Anyway, the default browser supports both double tap and pinch zooming along with the two-finger tilt zoom. There are niceties such as multiple tabs, text reflow, find on page and so on. A neat trick is to pinch zoom out beyond the minimum - that opens up the tabs view.
The Web browser comes with Incognito mode, which lets you surf the web without the browser keeping track of your history or storing cookies. You can also switch to a more minimalist UI, which currently is in a Lab stage. It disables most of the browser's user interface and gives you a quick five-button layout to access the basics.
Samsung Galaxy Express I8730 Samsung Galaxy Express I8730 Samsung Galaxy Express I8730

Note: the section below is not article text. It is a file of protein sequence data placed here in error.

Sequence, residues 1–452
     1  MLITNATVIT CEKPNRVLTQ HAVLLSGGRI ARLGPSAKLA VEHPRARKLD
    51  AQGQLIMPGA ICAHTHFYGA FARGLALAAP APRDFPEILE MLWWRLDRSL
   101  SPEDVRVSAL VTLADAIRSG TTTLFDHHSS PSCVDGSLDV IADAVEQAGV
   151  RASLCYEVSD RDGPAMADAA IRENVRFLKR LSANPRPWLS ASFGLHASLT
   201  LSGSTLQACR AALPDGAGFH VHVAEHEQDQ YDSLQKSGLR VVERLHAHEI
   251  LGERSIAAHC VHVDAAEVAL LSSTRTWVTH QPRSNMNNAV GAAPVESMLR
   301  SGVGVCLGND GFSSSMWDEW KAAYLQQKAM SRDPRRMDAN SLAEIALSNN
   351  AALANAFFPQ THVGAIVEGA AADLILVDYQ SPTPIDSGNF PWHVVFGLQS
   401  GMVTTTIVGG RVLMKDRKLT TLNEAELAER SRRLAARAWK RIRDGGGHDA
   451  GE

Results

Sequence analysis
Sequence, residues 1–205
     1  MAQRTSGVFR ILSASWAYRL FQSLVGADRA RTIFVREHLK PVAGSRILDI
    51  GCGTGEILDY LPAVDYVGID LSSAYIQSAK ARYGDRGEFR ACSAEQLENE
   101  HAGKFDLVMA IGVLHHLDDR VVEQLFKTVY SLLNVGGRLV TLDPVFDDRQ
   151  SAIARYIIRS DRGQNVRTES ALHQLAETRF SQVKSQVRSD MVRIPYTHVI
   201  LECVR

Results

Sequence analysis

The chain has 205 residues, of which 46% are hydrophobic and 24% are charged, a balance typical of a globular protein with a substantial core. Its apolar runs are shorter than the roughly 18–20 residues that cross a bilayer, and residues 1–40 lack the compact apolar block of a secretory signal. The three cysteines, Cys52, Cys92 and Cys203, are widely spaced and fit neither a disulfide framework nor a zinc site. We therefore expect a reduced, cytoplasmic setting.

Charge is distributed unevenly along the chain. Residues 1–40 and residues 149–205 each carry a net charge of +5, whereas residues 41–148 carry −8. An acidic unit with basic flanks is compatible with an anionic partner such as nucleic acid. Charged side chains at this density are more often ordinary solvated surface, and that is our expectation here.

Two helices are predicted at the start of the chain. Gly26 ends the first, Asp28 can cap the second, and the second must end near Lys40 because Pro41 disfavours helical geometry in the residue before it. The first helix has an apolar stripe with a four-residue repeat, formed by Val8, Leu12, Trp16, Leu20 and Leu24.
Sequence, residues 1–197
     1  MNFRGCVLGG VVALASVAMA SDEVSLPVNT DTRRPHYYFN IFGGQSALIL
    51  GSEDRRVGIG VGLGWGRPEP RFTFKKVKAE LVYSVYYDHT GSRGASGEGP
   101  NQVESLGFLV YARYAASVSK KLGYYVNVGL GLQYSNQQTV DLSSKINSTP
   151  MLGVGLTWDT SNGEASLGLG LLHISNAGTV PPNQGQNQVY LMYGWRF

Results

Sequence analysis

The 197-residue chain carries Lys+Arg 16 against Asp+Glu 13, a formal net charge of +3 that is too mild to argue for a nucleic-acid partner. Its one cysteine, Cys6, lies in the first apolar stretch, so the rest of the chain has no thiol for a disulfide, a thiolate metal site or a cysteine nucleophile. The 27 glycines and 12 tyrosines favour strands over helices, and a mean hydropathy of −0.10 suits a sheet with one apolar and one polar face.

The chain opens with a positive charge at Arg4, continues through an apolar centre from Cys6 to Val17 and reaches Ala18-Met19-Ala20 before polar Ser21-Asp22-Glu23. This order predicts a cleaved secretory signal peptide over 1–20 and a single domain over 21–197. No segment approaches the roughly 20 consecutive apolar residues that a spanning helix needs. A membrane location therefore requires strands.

Tabs view • Incognito mode • Quick controls

Organizer and apps

The Samsung Galaxy Express comes with a number of cool apps preinstalled. The one glaring omission is an Office document editor - perhaps Samsung finally came to terms with the sheer amount of free office editors available on the Play Store.
The S Planner is a skinned calendar that is easy to use with your fingers. The tabbed interface lets you easily toggle between year, month, week, day list and task views.
The S Planner app can sync with multiple calendars and you can switch off individual ones to reduce the clutter.
Samsung Galaxy Express I8730 Samsung Galaxy Express I8730 Samsung Galaxy Express I8730 Samsung Galaxy Express I8730
S Planner
Samsung has enabled its new S Cloud service on the Galaxy Express. It can sync contacts, calendar and S memos and back up logs, messages (SMS and MMS) and the wallpaper. You can choose not to back up some of those things and you can set up automatic backups.